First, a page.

In a 2010 post, “To Sneak or Not to Sneak: Hiding Healthful Ingredients in Kids’ Food,” I expressed my ambivalence this way:
Maybe it’s just a sense that I’m violating the basic trust that ought to exist between any cook and any diner: if you know I have an aversion to a certain food (rightly or wrongly), is it fair to nonetheless slip it into my meal?
But three years later, in “Learn From My Mistakes: A Story of Food Sneaking Gone Horribly Awry,” I described how, after buying a Vitamix blender, I just couldn’t resist slipping some carrots into my veggie-avoiding son’s smoothie. Here’s what happened:
… my carrot-hating son took a sip and actually said, “This is the BEST juice ever! You can make this for me every day if you want.”
Wow! The script was playing out just like the movie in my head, only better! All I had to do was keep my mouth shut and start planning tomorrow’s kale and spinach – oops, I mean “green apple” — smoothie.
But, dear readers, I just couldn’t do it. One look at that sweet, trusting face and I felt utterly wracked with guilt. If you have an aversion to eating snails but I just know you’d love escargots if only you’d try them, do I have the right pass them off to you as mushrooms? Even if you’re my own child, I think I do not. And as hard as it is for me to understand it, the feeling many people have about eating snails — utter disgust — is exactly how my son feels about eating carrots.
So I took a deep breath and confessed. It told him I’d added “a little bit” of carrot, hoping he’d remember it was the “BEST juice ever” and just move on.
Well, he did not move on. He looked totally distressed – almost to he point of tears – and then quite angrily reminded me that I’d once told him I was not the kind of mom who would ever sneak things into his food. And what could I say? He was absolutely right. I’d been a complete hypocrite. And of course he wouldn’t take another sip of the juice.
Since then, I’ve never again engaged in true sneaking, which I define as secretly adding a vegetable pureé to a recipe that otherwise would never call for it, like putting spinach in brownies. (I do, however, continue to work as many veggies as I can into our meals, such as using a heavy hand with fresh herbs, onions and mushrooms in a pasta dish.)
I was thinking about all of this when I read in the School Nutrition Association‘s latest Smart Brief newsletter about a pilot study in which schools added a pureé of beans, tomato paste and carrots to school food entreés in order to boost their nutritional content. The results of the study won’t surprise any parent who’s engaged in veggie-sneaking at home: up to a point, kids didn’t detect the recipe change but once the amount of added pureé passed a certain threshold, kids started rejecting the entreé. The study authors concluded that “adding puréed vegetables to lunch entrées may be an effective strategy to increase vegetable consumption and reduce energy intake of elementary school children. School nutrition programs can benefit by helping meet vegetable and nutrient requirements and reducing plate waste.”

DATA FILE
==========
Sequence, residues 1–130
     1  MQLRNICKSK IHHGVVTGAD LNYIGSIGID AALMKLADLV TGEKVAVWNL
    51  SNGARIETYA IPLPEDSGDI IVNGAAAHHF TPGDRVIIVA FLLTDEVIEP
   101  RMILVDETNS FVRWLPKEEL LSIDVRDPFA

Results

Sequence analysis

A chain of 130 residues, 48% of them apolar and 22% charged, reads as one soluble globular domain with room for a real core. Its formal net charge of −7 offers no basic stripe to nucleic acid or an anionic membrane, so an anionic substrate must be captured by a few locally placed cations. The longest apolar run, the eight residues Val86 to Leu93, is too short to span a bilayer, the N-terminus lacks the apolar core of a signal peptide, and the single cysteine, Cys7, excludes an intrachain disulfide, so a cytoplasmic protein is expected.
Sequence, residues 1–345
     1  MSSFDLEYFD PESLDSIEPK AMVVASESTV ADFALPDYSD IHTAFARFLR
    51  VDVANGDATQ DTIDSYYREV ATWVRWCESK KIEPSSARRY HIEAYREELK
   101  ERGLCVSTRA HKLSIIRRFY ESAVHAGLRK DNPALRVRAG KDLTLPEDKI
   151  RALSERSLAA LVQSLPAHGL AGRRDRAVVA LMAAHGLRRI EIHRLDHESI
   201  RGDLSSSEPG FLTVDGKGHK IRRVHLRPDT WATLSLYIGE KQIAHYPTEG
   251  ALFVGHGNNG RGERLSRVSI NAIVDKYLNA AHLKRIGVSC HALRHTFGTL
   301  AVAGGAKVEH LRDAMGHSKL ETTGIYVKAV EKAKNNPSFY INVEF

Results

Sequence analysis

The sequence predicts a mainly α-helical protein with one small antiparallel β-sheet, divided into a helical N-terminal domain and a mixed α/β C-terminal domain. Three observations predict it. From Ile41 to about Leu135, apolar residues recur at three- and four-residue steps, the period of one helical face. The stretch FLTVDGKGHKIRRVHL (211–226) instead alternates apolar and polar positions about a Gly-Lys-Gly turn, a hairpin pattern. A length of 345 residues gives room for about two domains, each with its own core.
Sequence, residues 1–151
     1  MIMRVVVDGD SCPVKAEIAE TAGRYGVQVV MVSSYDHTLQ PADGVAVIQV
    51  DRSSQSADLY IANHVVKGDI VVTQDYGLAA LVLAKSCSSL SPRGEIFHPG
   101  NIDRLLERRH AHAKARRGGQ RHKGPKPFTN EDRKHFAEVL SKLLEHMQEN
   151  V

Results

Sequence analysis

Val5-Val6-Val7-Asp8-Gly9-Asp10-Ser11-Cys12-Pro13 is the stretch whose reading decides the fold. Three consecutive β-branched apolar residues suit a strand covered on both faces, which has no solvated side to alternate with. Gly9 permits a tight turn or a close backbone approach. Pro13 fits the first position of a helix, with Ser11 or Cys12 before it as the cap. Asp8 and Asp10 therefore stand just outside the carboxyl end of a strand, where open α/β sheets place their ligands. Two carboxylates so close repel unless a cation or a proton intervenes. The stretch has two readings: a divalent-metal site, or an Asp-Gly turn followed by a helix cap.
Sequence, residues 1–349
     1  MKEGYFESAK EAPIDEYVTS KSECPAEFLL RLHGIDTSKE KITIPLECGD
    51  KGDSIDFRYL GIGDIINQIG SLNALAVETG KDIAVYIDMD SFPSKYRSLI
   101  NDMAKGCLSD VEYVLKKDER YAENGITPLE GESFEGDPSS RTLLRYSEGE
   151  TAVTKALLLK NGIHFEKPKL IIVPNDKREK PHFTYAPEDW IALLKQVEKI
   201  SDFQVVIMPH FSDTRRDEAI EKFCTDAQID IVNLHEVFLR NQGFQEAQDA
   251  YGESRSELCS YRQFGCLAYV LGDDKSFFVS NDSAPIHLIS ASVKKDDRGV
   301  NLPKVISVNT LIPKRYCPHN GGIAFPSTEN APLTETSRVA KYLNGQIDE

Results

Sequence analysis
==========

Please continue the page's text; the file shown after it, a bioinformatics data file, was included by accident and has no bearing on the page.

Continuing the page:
Putting aside the difficulties some schools would face in adding pureés — specifically, a lack of equipment and labor — I decided that I’m actually OK — I think?? — with veggie-sneaking in the school context. To my mind, it’s somehow different to slip carrots past my son at home when I know he hates carrots, but if he took a carrot-filled entreé off an impersonal lunch line, then no one is knowingly breaching his trust. The school is just serving a dish as it chooses — and it chooses to include carrot pureé.
That said, I do have one big caveat. Whether at home or at school, food sneaking should never be a substitute for also serving vegetables in their whole state, or else children will never grow to like these critically important foods in their own right. So while I’d be fine with sneaking carrot puree into school pizza sauce, I would be very troubled if districts used that practice to meet their federal “red/orange vegetable” requirement, rather than serving items like baby carrots or roasted sweet potatoes. Given the budgetary constraints schools are under, maybe that caveat alone would make veggie-sneaking unattractive to schools.
So what do you think of all this? Are my views about veggie-sneaking as muddled and illogical as ever? I’d love to hear your thoughts in a comment below.
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